Annual Report 2013
The state of the world's human rights

20 November 2007

New arrests of journalists overshadow Pakistan releases

New arrests of journalists overshadow Pakistan releases
Pakistan is continuing to arrest journalists and others across the country, contrasting with government announcements that thousands of protesters have been released from the country's jails.

While the world's media highlighted the reports that 3,400 people are to be set free after the recent clampdown on peaceful anti-government protests, police in Karachi today (Tuesday) baton-charged and arrested over 100 protesting journalists. These arrests undermine General Musharaff's claims that media freedoms are being restored.

Police arrested the journalists as they protested against a ban on Geo TV and other media restrictions. After protesting outside the Karachi Press Club, the journalists proceeded to the Office of the Governor of Sindh Province in an attempt to meet with officials. Police halted the march and baton-charged the group. Those arrested include more than five women journalists.

Early reports suggest that these detainees are being released, but they and other journalists across Pakistan remain at risk of further intimidation, detention and possible ill-treatment. Since the imposition of emergency law on 3 November, a pattern has emerged of a "revolving door" of arrests and releases of those attempting to peacefully protest against emergency rule.

Pakistan's free media was one first groups impacted by the imposition of emergency rule on 3 November. All independent TV channels, including international channels transmitted by cable, were blocked hours before the emergency came into force. Whilst restrictions on international news channels have been lifted, independent channels transmitting from Pakistan remain blocked.

In addition, existing laws regulating the media were amended to tighten restrictions on freedom of speech, with breaches attracting prison sentences and heavy fines.

Further harassment and arrests of journalists remain likely. On 17 November, the editor of the Islamabad Urdu-language daily newspaper Tulu was arrested by the plainclothes police from his office. During his detention he was blindfolded, taken to an unidentified location and questioned about his writings. He was informed that he had been arrested on the orders of senior government officials. He was released on 19 November.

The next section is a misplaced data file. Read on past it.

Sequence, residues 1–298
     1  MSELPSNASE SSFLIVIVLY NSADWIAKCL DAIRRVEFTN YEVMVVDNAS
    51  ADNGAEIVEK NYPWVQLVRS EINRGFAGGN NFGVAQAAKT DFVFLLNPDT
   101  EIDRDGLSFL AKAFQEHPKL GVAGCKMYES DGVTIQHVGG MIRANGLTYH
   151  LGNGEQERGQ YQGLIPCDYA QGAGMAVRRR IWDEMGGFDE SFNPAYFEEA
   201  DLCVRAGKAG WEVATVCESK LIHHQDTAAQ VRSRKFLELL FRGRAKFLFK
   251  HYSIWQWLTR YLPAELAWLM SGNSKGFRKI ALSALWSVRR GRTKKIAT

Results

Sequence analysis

Read More

United action for human rights in Pakistan (Feature, 16 November 2007)
Women protesters face police batons (News, 14 November 2007)
Bailed Pakistani activists at risk of re-arrest (News, 13 November 2007)
Hopes dashed for Pakistan's disappeared (Feature, 13 November 2007)
Crackdown intensifies in Pakistan (News, 12 November 2007)

Issue

Activists 
Freedom Of Expression 
Law Enforcement 

Country

Pakistan 

Region

Asia And The Pacific 

@amnestyonline on twitter

News

22 July 2014

The Gambian government must abolish the laws and iron fisted practices that have resulted in two decades of widespread human rights violations, Amnesty International said as it... Read more »

24 July 2014

The prolonged execution of a prisoner in Arizona yesterday represents another wake-up call for authorities in the USA to abolish the death penalty, said Amnesty International... Read more »

22 July 2014

Indonesia’s new President Joko Widodo must deliver on campaign promises to improve Indonesia’s dire human rights situation, Amnesty International said.

Read more »
24 July 2014

Poland is the first European Union member state to be found complicit in the USA’s rendition, secret detention, and torture of alleged terrorism suspects, Amnesty International... Read more »

21 July 2014

Ahead of a legal intervention by Amnesty International and others in the rendition case of the Libyan national Abdul-Hakim Belhaj, Amnesty International... Read more »